As mentioned earlier in this profile, studies on the chlorophyll and thylakoid content of spinach have raised interesting possibilities for this food as one that can help regulate hunger, satiety, and also blood sugar levels. These studies have been especially interesting to us at WHFoods, since spinach serves as our Number 1 source of chlorophyll with about 24 milligrams per cup. The hunger and satiety research on spinach involves the ability of thylakoid-rich extracts from spinach to delay stomach emptying, decrease levels of hunger-related hormones like ghrelin, and increase levels of satiety-related hormones like glucagon-like peptide 1 (GLP-1). The blood sugar research is an offshoot of this GLP-1 research, since prescription drugs that mimic the activity of GLP-1 (called GLP-1 agonists) are currently used to help treat type 2 diabetes. While it would not be accurate to equate routine intake of fresh spinach with use of a prescription drug or with the use of a food extract (like a thylakoid extract), it would also be wrong to ignore the potential connections here between the nutrient composition of spinach and our experience of hunger and satiety, as well as our body’s blood sugar regulation. Future studies should help us piece together the exact nature of these relationships.
Excessive inflammation, of course, typically emerges as a risk factor for increased cancer risk. (That’s why many anti-inflammatory nutrients can also be shown to have anti-cancer properties.) But even when unrelated to cancer, excessive inflammation has been shown to be less likely following consumption of spinach. Particularly in the digestive tract, reduced inflammation has been associated not only with the flavonoids found in spinach, but also with its carotenoids. Neoxanthin and violaxanthin are two anti-inflammatory epoxyxanthophylls that are found in plentiful amounts in the leaves of spinach. While these unique carotenoids may not be as readily absorbed as carotenoids like beta-carotene or lutein, they still play an important role in regulation of inflammation and are present in unusual amounts in spinach.
Nutrients in Spinach
|% Daily Value*|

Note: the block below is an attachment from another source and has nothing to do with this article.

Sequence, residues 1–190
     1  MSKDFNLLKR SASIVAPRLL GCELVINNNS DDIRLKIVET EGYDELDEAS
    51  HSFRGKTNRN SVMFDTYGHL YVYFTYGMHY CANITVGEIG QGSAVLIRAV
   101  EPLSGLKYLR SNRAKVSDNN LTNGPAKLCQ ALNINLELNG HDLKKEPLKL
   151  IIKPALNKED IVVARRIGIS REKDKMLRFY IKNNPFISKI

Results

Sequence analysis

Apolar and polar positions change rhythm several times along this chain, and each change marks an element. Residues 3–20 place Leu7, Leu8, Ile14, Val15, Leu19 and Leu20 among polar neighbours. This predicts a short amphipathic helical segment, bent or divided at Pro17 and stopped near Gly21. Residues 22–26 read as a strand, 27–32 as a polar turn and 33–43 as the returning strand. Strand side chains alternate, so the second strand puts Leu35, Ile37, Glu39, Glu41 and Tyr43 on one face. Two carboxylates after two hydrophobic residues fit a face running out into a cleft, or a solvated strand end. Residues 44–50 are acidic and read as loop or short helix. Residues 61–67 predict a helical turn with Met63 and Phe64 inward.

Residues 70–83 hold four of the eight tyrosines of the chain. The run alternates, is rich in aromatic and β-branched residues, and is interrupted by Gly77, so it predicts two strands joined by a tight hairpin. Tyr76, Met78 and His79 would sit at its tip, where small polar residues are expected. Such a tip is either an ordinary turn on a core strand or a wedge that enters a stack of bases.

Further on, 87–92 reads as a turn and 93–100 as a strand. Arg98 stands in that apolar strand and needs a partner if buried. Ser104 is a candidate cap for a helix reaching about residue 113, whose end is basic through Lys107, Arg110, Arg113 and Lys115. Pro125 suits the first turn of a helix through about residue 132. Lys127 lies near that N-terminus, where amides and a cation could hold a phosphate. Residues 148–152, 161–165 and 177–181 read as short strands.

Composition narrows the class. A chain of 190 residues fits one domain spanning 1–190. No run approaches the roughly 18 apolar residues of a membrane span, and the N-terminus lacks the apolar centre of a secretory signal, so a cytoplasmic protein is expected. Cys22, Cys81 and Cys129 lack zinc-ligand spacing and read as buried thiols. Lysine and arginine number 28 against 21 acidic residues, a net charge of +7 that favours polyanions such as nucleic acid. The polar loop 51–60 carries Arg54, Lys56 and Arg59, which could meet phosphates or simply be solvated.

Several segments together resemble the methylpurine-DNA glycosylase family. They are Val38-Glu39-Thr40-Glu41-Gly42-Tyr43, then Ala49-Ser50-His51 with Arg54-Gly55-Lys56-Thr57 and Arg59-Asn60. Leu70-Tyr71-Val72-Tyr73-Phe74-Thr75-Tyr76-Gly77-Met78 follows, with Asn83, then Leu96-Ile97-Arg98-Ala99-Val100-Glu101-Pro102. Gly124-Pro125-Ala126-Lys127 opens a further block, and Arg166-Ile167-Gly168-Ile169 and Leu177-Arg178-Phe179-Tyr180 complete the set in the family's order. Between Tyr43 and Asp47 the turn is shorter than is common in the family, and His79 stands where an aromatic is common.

|Total Fat 0.4 g||0%|
|Saturated fat 0.1 g||0%|
|Polyunsaturated fat 0.2 g|
|Monounsaturated fat 0 g|
|Cholesterol 0 mg||0%|
|Sodium 79 mg||3%|
|Potassium 558 mg||15%|
|Total Carbohydrate 3.6 g||1%|
|Dietary fiber 2.2 g||8%|
|Sugar 0.4 g|
|Protein 2.9 g||5%|
|Vitamin A||187%||Vitamin C||46%|
|Vitamin D||0%||Vitamin B-6||10%|
Diseases cure by Spinach
Spinach is very notable for improving anemic blood conditions, where your blood has a lower than normal amount of red blood cells or hemoglobin. This is also known as an iron-deficiency. Iron, found in several foods, though especially rich in spinach, can help strengthen the hemoglobin and increase the amount of red blood cells found in your body. Often times anemia can result in feeling weak and chronically tired or fatigued.
- Healthy Bones, Healthy Body
Spinach is also high in vitamin K, which helps strengthen and keep your bones healthy. Spinach also helps keep your calcium levels in check and provides better calcium absorption. This is incredible for people who are deficient in calcium because your body is naturally less and less able to absorb calcium as time goes on. Spinach can be a key factor in helping prevent and maintain this.
Spinach is wonderful for keeping your skin and hair healthy thanks to a high vitamin A content. Vitamin A helps produce a compound called sebum which will keep your hair moisturized and aid in reducing hair loss and helps aid the development of new body tissues such as skin and hair. This means that not only will it keep you glowing, it’s fantastic at helping you heal faster and potentially look younger thanks to skin regrowth and fuller hair.
Spinach is high in iodine content, and often recommended to people who are suffering from problems with their thyroid glands. This may not be the first thing you think of when it comes to essential nutrients the body needs, but the thyroid absorbs iodine to create thyroid hormones and keep your body and emotions balanced. This nutrient can be hard to find in other foods – even the iodized salt you may have in your pantry often has a message in fine print stating “this is not a sufficient source of iodine.”